By Suzanne Anton
Attorney General and Minister of Justice
VICTORIA - British Columbians are very aware of the prices they pay for their alcohol. Whether it's at a private or a government liquor store, you notice whether a six-pack costs you a dollar more at one location or a dollar less at another.
A new wholesale pricing system for liquor retailers comes into effect on April 1, 2015. As we transition, government is just as aware of - and sensitive to - the need to ensure that prices stay stable for consumers.
We want the price you pay to stay the same, or go down. That's why we have created a model that means, for the vast majority of products, the price will only vary within a few pennies either way.
Consumers don't see the current, complex model that uses varying discounts offered to liquor retailers. But as we move to a new model, it's important that what we're doing - and what we're not doing - is clear to consumers.
The new system will see all types of liquor retailers pay the same wholesale prices for their products. We are doing away with the existing complex model which offers retailers various discounts off the government liquor store price. What we're absolutely not doing is artificially raising prices.
In the simplest terms, under our current system, private liquor stores receive a 16% discount off the BC Liquor Store shelf price. This means that, for a $15 six-pack you'd buy at the BC Liquor Store, a private store purchases it for $12.60. That private store then marks up that price by whatever amount it sees fit to make a profit.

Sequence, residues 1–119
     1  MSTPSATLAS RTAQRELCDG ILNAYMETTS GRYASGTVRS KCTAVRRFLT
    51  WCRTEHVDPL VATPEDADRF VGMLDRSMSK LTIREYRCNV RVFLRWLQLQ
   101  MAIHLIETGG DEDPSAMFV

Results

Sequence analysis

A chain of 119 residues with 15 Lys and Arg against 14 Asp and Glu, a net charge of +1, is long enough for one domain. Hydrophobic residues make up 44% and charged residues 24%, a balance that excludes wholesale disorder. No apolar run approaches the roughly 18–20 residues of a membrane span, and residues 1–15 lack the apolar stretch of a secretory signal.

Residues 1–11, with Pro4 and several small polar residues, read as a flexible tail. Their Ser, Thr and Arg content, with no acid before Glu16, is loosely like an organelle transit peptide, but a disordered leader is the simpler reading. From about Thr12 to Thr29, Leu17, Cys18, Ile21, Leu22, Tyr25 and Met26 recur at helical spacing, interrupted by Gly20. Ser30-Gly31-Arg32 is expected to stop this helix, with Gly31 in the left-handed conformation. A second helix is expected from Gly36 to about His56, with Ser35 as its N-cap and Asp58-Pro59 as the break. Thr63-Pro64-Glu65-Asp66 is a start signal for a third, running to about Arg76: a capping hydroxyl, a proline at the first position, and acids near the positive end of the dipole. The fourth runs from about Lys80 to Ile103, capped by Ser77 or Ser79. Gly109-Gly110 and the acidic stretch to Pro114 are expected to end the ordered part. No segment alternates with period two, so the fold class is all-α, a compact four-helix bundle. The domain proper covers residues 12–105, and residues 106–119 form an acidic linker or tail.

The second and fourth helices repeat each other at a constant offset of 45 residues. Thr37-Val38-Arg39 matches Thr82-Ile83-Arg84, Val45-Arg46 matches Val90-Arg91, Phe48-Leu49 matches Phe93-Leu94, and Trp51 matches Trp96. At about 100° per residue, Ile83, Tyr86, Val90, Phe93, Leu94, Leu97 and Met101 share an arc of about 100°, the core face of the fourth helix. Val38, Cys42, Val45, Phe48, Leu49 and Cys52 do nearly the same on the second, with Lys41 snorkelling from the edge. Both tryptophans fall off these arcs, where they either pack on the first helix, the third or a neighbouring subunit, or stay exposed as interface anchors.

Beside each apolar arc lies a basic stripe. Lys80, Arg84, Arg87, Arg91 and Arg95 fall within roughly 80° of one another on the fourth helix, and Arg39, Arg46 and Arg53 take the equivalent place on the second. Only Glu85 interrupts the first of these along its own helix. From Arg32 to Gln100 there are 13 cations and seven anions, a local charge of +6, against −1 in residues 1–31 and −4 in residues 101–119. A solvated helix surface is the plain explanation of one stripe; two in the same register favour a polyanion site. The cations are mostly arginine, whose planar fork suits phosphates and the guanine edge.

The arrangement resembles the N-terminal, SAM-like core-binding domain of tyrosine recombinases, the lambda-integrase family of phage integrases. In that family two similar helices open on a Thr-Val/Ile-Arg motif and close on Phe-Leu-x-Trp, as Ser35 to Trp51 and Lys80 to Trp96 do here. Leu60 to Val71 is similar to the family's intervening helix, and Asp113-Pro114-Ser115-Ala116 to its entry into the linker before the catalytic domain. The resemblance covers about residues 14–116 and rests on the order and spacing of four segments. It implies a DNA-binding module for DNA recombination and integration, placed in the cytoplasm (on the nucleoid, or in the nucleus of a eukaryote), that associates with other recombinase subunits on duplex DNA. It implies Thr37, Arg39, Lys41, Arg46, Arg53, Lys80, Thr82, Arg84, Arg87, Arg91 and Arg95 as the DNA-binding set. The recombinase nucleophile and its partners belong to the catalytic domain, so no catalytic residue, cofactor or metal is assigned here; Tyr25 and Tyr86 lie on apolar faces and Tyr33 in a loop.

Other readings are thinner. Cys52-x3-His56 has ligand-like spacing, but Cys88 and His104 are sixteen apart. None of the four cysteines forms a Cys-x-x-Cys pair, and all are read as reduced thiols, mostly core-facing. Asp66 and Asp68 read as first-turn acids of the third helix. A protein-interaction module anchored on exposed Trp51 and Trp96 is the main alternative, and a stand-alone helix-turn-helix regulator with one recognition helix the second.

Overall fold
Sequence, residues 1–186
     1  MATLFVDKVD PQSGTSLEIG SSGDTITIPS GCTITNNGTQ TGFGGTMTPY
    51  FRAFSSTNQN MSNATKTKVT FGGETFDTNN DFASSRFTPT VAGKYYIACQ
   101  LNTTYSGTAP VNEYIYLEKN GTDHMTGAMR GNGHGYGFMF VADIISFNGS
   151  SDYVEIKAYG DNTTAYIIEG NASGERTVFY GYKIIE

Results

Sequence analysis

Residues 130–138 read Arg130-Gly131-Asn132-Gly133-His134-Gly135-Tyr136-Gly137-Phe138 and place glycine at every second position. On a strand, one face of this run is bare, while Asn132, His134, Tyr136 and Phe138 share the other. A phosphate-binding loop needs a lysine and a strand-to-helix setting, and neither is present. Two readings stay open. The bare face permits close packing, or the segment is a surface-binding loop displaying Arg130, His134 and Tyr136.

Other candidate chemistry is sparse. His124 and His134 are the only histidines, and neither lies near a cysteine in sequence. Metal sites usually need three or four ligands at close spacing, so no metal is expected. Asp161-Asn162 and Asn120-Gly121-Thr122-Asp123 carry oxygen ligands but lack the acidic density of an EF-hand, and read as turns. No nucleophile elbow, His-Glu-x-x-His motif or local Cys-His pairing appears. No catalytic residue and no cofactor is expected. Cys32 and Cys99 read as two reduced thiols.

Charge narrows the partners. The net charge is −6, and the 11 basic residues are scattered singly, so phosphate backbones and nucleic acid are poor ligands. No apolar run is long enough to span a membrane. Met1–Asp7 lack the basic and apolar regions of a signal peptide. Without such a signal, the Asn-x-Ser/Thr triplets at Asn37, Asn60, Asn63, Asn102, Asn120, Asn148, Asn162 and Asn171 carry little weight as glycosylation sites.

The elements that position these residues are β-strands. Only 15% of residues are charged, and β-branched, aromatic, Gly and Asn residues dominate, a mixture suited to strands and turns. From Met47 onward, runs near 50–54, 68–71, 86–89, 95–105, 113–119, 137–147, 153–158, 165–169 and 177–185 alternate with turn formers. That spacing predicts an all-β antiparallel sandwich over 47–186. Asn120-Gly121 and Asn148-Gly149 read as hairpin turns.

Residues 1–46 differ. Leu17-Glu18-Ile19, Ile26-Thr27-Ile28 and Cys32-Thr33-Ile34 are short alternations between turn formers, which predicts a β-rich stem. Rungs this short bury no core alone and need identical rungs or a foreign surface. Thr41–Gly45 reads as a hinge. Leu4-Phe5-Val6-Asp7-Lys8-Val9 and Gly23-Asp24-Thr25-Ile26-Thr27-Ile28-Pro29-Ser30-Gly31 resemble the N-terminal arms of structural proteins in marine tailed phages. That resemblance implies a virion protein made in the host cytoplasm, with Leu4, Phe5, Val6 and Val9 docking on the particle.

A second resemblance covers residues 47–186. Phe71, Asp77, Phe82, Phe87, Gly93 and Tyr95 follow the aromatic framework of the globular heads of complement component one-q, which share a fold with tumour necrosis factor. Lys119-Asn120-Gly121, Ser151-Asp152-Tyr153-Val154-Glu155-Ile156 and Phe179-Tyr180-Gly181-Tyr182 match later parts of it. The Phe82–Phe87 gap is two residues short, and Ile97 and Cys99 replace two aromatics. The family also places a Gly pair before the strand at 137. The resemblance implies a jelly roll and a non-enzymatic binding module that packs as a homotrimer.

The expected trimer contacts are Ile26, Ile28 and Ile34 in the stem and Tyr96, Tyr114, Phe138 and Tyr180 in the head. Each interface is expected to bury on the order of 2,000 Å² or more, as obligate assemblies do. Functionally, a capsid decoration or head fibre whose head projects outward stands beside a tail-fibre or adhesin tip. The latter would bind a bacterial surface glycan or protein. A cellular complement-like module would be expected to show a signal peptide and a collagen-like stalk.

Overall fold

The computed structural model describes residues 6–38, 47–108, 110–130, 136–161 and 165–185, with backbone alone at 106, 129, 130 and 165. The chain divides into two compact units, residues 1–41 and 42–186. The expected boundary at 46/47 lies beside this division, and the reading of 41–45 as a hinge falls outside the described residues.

In the lead up to April 1, some critics are out there 'beer mongering', telling you that government has eliminated this 16% discount altogether and because of that, you'll pay more at the till. This is categorically false.
The new wholesale pricing model is set almost exactly at the same level as that 16% discount that private stores currently receive and applies equally to every kind of liquor retailer - including government liquor stores.
BC Liquor Stores expect no significant change to product pricing on their shelves in April as a result of the move to wholesale pricing. Private stores have always and will continue to set their own prices - that's the basis of a competitive market - so I can't tell you for sure where those will land.
What I can say is that by leveling the playing field and having all liquor retailers throughout the province buy alcohol at the same price, we are creating a market that has the potential for greater competition for your business.
As part of government's move to create more competition and level the playing field, BC Liquor Stores will be allowed to extend their hours of operation to match private liquor stores - including opening earlier, closing later, and staying open on Sundays. They'll also have the option of installing refrigeration units to offer cold beer and wine for their customers - something we know consumers will appreciate.
At the end of the day, the changes we're making are centred on providing more convenience, choice and selection for British Columbians.
Connect with the Province of B.C. at: www.gov.bc.ca/connect